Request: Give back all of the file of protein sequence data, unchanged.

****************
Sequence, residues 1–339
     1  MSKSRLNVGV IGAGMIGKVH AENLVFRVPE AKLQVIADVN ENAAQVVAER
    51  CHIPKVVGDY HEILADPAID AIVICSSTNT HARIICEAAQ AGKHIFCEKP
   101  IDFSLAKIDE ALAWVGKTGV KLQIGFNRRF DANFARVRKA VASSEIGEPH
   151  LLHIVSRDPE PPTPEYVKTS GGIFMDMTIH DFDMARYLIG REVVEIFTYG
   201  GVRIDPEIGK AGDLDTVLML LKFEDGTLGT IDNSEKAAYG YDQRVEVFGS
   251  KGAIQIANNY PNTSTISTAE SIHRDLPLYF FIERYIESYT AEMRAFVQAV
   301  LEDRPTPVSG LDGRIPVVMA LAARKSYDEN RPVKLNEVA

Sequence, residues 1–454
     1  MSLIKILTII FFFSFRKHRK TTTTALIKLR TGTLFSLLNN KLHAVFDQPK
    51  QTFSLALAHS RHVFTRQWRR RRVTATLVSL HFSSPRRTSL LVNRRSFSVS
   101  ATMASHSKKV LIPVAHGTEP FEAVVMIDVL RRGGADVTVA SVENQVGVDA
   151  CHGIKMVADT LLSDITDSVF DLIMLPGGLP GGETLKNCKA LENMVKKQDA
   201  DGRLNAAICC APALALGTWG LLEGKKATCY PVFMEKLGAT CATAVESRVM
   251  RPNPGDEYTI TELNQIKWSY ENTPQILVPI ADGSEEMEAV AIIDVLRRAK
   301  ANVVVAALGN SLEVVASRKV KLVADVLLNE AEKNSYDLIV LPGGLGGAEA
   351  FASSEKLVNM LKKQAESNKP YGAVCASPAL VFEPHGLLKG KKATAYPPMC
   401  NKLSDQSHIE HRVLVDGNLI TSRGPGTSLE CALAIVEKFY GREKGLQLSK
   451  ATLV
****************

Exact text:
Sequence, residues 1–339
     1  MSKSRLNVGV IGAGMIGKVH AENLVFRVPE AKLQVIADVN ENAAQVVAER
    51  CHIPKVVGDY HEILADPAID AIVICSSTNT HARIICEAAQ AGKHIFCEKP
   101  IDFSLAKIDE ALAWVGKTGV KLQIGFNRRF DANFARVRKA VASSEIGEPH
   151  LLHIVSRDPE PPTPEYVKTS GGIFMDMTIH DFDMARYLIG REVVEIFTYG
   201  GVRIDPEIGK AGDLDTVLML LKFEDGTLGT IDNSEKAAYG YDQRVEVFGS
   251  KGAIQIANNY PNTSTISTAE SIHRDLPLYF FIERYIESYT AEMRAFVQAV
   301  LEDRPTPVSG LDGRIPVVMA LAARKSYDEN RPVKLNEVA

Sequence, residues 1–454
     1  MSLIKILTII FFFSFRKHRK TTTTALIKLR TGTLFSLLNN KLHAVFDQPK
    51  QTFSLALAHS RHVFTRQWRR RRVTATLVSL HFSSPRRTSL LVNRRSFSVS
   101  ATMASHSKKV LIPVAHGTEP FEAVVMIDVL RRGGADVTVA SVENQVGVDA
   151  CHGIKMVADT LLSDITDSVF DLIMLPGGLP GGETLKNCKA LENMVKKQDA
   201  DGRLNAAICC APALALGTWG LLEGKKATCY PVFMEKLGAT CATAVESRVM
   251  RPNPGDEYTI TELNQIKWSY ENTPQILVPI ADGSEEMEAV AIIDVLRRAK
   301  ANVVVAALGN SLEVVASRKV KLVADVLLNE AEKNSYDLIV LPGGLGGAEA
   351  FASSEKLVNM LKKQAESNKP YGAVCASPAL VFEPHGLLKG KKATAYPPMC
   401  NKLSDQSHIE HRVLVDGNLI TSRGPGTSLE CALAIVEKFY GREKGLQLSK
   451  ATLV